29. 29. Discharge locations and estimates for Son, Banas and Gopad Rivers; Son Gharial Sanctuary (January - February 2015)
  30. 30. What was achieved • Instrumented and quantitative and field based study of managing regulated flows from a dam for minimizing ecological damage • First ever experimental release of water from a dam with downstream ecological measurements • A model for managing ecological flows in an adaptive frame-work
  31. 31. CHANSE project updates: 24th August 2017 Jagdish Krishnaswamy, Tarun Nair, Nachiket Kelkar
  32. 32. Endangered biodiversity persisting alongside irrigation water use Sugarcane: sugar factories in the area are a big draw Intensive melon cultivation on floodplains Wheat crop nearing harvest time
  33. 33. Sampling design for field data collection: Gandak River Three sampling blocks Each block with known and working CWC gauging sites, sites for monitoring ecological flows and habitat quality Coverage across the command areas and canal divisions Gandak River basin, Bihar and UP, India
  34. 34. Gharial, Gandak River, April 2014 © Tarun Nair, ATREE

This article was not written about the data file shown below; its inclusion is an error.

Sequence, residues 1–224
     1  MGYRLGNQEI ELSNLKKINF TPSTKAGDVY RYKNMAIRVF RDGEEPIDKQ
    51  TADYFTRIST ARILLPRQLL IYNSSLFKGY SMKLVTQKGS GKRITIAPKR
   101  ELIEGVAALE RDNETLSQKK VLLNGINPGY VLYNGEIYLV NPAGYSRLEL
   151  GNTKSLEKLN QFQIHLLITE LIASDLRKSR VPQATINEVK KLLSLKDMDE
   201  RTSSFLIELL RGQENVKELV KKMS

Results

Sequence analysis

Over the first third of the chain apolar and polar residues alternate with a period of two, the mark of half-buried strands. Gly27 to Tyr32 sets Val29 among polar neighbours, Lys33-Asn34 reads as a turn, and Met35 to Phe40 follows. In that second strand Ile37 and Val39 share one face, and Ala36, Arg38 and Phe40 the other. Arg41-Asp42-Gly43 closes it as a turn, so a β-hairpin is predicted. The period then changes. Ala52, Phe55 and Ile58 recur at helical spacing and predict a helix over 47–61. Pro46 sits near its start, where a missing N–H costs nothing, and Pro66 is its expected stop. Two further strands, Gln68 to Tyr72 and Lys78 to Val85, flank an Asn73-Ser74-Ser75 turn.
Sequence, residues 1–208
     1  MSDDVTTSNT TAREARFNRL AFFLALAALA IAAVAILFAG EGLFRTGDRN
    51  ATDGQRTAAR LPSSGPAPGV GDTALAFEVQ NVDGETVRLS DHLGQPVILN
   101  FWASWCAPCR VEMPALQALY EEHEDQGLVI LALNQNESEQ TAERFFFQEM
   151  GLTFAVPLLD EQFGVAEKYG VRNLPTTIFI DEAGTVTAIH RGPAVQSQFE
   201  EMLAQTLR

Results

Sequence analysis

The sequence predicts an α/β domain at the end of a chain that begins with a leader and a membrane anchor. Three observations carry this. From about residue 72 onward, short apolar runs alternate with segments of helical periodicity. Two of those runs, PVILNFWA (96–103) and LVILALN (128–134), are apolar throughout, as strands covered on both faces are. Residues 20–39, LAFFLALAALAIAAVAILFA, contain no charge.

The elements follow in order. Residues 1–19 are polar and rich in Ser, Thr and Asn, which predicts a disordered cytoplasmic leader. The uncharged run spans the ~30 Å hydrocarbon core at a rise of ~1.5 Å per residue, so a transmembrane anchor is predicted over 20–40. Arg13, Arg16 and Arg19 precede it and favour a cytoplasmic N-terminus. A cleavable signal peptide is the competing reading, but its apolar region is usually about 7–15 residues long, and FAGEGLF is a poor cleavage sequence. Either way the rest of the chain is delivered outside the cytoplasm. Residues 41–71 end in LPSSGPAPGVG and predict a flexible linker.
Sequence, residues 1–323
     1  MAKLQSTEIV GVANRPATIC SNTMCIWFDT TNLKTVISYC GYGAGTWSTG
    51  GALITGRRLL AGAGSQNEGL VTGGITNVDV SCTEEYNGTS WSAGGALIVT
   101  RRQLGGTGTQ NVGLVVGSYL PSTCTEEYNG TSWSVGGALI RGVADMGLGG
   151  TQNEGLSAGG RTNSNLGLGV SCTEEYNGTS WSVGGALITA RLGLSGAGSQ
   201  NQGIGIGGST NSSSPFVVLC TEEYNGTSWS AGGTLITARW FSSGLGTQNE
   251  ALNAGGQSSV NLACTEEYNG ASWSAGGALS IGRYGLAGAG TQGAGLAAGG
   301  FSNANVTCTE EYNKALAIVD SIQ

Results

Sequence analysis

35. 35. Updates: CHANSE project
  36. 36. Survey in near-natural flow condition • Barrage flow release timings: 25 Oct - 25 Dec 2017 for canal maintenance and repairs • Surveys done in middle of this period: 10 Nov - 03 Dec , when the flow could be called near-natural • Estimated discharge from barrage approx. 370 cumecs
  37. 37. The Gandak is a “losing river” Distance from barrage (km) Estimateddischarge(m3/s)
  38. 38. Gharial distribution and habitat mapping in the Gandak N E P A L I N D I A
  39. 39. N E P A L I N D I A River dolphin distribution and habitat mapping in the Gandak
  40. 40. Agriculture: inefficient and excess irrigation • Currently, irrigation is about 25% in excess of actual crop needs in the Gangetic Basin (HydroFlux India*) • Can these wastages be avoided and the water utilized for maintenance of river ecosystem services and biodiversity? *HydroFlux India was a 3-year Indo-UK research project to study climate-land use-hydrology linkages in the Gangetic basin. More details can be found here http://paramo.cc.ic.ac.uk/india/ Source: WWF-India
  41. 41. Solution space • Linking water use efficiency in agriculture and industry to restoring ecological flows in representative sites • Experimental and observational studies and modelling on regulated releases from dams and barrages • Treated waste-water and managed wetlands as in urban and peri-urban areas for ecological revival
  42. 42. Acknowledgements • Tarun Nair, Shishir Rao, Nachiket Kelkar, Vidyadhar Atkore, Shivona Bhojwani and Srinivas Vaidyanathan • Ministry of Earth Sciences, Government of India and Indo-UK Water Centre